Last week, West Virginia law enforcement officials, with an assist from The HSUS, arrested Victor Zandlo and charged him with suspected abuse of dogs. It was a particularly vicious case of bestiality.
Local rescue groups did their best to help all eight dogs in the house, but they were too late for one member of the pack. Grace had suffered particularly severe and unsettling injuries, and she’s now passed.
We commend the lieutenant of the Wyoming County Sheriff’s Office in West Virginia who charged Zandlo with felony-level cruelty. This is an especially significant charge because prosecution for bestiality is rare in West Virginia, one of just eight remaining states in the nation, along with the District of Columbia, that have no specific laws against the sexual abuse of animals.
Ironically, lawmakers in West Virginia introduced an anti-bestiality bill this year, but both chambers failed to act on it. Maybe now they’ll better understand the importance of a legal prohibition against such assault on these non-consenting creatures. Nevada and Vermont did pass anti-bestiality measures, and both await final approval from their governors. In Texas, the state Senate approved an anti-bestiality bill, and House action is pending.
Animal sexual abuse is a felony in 19 states, a second offense felony in four states, and a misdemeanor in 23 states. Other states without any bestiality laws include Hawaii, Kentucky, New Mexico, West Virginia, and Wyoming.
Just a few years ago, 11 states still considered bestiality legal. As with animal fighting and other abuses of animals, The HSUS has been methodically going state by state to close the gaps in the legal framework, and if the chief executives of Nevada and Vermont sign the measures into law, only a half-dozen states will be legally silent on the issue.
Astoundingly, in some states, lawmakers have made catcalls and mocked the idea of addressing this form of animal abuse. In other states, bills have been delayed for years because legislators simply refuse to talk about it. The Kentucky Farm Bureau and the Kentucky Houndsmen Association opposed a bestiality bill in that state, calling it a “slippery slope.” How sad that they neither understand the severity nor the scale of this crime.
Even in states with bestiality laws, enforcement can be lax, and other barriers to a crackdown on the practice exist. Many states that outlaw sexual abuse have archaic language in their statutes that needs to be updated. Abusers try to skirt the law, also, and have done so effectively on occasion. A prime example of this is Sterling Rachwal, a man with a history of abusing horses in Wisconsin, who has been able to successfully use loopholes in the law to appeal and overturn his conviction.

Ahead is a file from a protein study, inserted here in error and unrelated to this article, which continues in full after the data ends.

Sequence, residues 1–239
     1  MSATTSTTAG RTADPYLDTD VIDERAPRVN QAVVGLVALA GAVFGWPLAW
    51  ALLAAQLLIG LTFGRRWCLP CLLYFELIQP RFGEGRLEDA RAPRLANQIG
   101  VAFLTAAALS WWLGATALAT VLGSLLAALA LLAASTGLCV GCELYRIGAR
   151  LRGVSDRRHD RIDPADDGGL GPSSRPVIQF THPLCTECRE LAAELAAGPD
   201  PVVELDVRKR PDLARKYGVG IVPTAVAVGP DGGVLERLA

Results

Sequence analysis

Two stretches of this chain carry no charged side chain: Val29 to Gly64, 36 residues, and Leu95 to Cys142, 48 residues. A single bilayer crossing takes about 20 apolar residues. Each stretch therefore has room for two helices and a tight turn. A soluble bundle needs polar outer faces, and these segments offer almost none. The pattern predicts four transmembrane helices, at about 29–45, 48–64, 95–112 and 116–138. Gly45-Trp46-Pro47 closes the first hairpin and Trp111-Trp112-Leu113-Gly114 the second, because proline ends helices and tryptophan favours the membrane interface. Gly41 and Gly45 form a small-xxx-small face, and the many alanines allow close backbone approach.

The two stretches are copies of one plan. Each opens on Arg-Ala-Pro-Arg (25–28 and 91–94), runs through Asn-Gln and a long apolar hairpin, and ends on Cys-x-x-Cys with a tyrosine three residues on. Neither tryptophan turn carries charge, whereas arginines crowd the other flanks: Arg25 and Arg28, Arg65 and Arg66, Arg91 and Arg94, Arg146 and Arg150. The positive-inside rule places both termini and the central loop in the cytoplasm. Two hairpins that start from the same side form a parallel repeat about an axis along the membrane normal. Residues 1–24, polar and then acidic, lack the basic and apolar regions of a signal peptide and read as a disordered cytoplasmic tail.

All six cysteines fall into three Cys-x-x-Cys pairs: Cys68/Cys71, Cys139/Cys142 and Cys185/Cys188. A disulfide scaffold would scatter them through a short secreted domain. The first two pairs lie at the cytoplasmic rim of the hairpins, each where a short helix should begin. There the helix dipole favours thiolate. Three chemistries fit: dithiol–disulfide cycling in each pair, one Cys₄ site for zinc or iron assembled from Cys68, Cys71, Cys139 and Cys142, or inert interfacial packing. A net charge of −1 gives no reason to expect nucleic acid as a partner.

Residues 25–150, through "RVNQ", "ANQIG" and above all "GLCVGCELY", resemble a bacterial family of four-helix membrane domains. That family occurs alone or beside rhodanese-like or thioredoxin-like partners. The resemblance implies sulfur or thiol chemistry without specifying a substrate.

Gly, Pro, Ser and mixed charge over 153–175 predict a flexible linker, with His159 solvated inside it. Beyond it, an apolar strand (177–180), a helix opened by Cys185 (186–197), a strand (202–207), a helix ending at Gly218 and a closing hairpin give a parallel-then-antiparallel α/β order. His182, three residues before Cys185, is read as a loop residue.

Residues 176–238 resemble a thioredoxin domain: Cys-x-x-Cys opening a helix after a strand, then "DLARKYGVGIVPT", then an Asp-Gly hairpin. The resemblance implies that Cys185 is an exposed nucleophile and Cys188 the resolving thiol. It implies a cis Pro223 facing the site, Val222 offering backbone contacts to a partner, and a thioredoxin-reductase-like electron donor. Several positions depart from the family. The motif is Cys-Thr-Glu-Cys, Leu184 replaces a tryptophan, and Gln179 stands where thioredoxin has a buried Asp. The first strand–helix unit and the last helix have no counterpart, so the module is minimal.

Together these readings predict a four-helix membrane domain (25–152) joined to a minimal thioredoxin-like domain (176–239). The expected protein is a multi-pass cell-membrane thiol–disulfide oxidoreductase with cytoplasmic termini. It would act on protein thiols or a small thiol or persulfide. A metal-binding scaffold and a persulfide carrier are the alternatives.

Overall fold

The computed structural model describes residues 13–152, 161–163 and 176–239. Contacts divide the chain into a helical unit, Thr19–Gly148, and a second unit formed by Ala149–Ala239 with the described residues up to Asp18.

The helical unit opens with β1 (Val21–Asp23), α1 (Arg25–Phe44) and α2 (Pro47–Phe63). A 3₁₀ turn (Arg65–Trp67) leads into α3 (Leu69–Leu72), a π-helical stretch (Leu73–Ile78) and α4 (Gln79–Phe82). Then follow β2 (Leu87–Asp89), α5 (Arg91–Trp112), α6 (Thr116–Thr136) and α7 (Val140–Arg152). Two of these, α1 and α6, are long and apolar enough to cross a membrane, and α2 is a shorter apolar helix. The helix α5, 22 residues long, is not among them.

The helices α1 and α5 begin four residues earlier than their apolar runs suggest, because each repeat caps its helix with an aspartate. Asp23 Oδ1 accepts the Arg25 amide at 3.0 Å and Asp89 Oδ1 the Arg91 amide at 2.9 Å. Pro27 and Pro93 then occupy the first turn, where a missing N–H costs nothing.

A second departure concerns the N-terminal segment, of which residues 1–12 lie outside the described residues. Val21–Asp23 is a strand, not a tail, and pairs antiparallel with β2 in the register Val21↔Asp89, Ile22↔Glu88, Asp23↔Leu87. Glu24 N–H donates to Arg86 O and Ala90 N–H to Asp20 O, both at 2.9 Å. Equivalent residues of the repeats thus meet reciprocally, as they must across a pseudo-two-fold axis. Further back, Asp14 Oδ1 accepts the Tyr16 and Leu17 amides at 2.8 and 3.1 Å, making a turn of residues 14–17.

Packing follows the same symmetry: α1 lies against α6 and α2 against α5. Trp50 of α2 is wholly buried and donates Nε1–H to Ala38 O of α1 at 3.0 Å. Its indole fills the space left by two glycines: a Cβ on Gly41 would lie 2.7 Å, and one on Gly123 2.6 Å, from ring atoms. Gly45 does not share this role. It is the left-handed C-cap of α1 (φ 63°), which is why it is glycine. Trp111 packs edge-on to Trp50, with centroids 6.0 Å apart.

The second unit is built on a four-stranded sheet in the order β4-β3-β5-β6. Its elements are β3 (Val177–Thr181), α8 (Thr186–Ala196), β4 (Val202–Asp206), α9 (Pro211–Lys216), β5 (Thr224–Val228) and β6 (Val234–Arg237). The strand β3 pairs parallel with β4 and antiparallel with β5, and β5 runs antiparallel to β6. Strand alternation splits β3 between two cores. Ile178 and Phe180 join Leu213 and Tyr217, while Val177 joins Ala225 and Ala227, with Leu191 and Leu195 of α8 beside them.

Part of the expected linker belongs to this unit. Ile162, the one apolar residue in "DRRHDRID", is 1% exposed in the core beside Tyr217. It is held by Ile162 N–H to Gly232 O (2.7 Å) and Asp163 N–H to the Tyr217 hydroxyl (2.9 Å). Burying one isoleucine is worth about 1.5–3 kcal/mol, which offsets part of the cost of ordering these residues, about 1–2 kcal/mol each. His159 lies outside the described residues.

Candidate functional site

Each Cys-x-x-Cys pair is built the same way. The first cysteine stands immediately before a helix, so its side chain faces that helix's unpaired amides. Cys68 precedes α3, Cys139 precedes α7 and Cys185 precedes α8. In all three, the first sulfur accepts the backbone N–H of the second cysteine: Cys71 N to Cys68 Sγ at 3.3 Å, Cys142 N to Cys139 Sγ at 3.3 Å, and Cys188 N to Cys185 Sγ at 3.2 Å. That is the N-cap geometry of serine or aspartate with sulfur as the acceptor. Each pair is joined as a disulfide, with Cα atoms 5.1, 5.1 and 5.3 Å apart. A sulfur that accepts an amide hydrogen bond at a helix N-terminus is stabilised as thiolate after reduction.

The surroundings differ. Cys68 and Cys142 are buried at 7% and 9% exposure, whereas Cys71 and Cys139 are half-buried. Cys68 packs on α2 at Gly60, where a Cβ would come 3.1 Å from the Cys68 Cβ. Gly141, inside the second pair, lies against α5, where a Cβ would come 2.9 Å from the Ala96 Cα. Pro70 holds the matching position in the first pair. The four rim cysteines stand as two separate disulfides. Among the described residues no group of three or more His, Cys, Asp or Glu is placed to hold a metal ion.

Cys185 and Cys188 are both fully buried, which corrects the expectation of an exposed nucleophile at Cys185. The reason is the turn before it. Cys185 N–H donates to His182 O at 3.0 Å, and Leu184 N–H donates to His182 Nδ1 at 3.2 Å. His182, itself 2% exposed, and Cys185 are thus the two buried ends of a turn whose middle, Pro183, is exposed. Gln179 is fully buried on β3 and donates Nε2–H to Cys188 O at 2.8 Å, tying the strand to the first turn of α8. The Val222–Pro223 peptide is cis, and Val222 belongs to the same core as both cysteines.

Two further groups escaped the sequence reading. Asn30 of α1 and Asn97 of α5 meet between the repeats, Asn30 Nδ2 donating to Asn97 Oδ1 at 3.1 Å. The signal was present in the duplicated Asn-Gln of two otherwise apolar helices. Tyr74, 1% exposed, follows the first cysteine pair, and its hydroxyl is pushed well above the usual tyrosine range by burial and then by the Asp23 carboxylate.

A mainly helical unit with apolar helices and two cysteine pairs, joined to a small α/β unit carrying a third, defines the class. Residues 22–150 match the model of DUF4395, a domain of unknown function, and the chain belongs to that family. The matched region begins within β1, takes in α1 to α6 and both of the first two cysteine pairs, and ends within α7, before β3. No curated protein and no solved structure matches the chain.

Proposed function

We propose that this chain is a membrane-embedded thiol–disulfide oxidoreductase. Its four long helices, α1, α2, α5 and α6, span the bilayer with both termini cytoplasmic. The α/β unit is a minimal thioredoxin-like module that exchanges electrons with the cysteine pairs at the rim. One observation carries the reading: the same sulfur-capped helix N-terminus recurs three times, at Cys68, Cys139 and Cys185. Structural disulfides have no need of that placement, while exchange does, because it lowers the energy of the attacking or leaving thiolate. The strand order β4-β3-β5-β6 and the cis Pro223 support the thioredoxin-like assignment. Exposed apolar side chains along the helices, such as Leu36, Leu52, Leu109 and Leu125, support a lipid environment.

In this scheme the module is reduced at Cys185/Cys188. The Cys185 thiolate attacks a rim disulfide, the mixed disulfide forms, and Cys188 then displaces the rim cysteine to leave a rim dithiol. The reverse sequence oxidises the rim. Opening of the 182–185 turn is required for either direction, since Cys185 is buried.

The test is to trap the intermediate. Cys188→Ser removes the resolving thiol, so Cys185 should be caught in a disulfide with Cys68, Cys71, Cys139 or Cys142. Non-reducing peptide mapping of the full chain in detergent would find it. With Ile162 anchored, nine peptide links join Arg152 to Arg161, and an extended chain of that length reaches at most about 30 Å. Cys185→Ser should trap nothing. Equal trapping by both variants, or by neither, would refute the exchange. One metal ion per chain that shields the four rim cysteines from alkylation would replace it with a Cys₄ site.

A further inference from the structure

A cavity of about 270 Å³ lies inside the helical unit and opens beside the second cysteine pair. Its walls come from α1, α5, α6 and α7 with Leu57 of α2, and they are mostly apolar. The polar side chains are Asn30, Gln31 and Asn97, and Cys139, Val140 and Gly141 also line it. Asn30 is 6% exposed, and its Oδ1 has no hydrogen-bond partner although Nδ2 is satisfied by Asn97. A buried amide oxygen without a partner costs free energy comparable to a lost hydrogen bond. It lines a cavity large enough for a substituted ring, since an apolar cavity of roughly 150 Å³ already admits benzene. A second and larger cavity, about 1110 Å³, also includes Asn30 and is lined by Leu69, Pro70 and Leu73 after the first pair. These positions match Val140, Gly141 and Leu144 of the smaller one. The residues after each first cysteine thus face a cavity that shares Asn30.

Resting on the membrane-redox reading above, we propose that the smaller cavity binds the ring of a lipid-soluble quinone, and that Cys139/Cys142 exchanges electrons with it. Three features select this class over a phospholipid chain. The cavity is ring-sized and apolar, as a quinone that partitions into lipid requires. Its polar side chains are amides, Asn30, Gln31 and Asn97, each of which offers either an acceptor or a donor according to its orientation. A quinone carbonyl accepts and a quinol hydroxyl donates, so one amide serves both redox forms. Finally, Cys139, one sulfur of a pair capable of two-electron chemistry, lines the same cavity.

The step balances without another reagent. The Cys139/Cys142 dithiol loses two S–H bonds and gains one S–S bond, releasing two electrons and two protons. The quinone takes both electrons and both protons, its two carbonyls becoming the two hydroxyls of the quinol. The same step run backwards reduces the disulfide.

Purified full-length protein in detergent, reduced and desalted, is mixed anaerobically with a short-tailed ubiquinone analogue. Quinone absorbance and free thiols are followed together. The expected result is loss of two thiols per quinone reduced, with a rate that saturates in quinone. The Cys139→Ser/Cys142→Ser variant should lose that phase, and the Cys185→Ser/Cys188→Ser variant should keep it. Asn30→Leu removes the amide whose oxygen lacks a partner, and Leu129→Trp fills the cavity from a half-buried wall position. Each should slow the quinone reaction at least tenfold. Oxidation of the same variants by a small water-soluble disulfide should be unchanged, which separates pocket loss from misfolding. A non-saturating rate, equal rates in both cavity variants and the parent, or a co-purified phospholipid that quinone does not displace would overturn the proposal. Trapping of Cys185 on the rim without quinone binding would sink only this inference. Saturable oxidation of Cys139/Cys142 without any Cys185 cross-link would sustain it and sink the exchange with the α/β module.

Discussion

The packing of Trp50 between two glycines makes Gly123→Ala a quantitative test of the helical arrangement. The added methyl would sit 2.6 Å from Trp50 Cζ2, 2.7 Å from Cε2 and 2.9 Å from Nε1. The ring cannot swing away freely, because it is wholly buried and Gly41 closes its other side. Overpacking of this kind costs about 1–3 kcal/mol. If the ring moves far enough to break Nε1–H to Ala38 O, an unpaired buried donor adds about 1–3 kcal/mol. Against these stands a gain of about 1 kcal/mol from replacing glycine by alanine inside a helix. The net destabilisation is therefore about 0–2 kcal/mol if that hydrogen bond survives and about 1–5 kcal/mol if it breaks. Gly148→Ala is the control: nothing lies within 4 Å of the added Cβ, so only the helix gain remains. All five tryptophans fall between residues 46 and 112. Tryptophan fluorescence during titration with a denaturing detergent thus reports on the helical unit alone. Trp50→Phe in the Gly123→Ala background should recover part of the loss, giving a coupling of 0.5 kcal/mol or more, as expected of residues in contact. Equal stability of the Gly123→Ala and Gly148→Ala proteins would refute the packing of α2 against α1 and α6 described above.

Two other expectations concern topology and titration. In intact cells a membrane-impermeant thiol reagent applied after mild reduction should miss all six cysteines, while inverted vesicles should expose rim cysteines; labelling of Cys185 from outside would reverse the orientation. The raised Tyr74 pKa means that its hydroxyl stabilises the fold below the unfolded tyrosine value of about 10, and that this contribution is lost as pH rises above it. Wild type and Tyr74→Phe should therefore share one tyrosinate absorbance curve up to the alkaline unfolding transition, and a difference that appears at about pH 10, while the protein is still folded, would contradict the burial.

Animal sexual abuse is not the extraordinarily rare occurrence. It’s more common than we’d like to acknowledge in society, and it is often a violent act that frequently precedes child sexual abuse, sexual homicide, and other extreme antisocial behavior.
In a study of over 44,000 adult male sex offenders, researchers concluded that animal sexual abuse is the number one risk factor and the strongest predictor of increased risk for sexual abuse of a child. Some studies have found high rates of sexual assault of animals in the backgrounds of serial sexual homicide perpetrators. This is one reason why bestiality and other forms of animal cruelty are now tracked by the FBI as a Group A offense in the National Incident Based Reporting System, in the same category as rape and murder.
Increasingly, perpetrators use various websites to seek out one another where they often trade, rent, and sell animals for sex. A popular website that appears to be a hub for bestiality enthusiasts boasts over 1.5 million registered users.
The HSUS will continue to work in the states without laws to strengthen and pass laws against bestiality. One dog like Grace, suffering such unspeakable abuse, is one too many. And she’s now just one high-profile victim of a vast underworld of sexual abuse that too many people want to deny or fail to confront in a substantive and serious-minded way.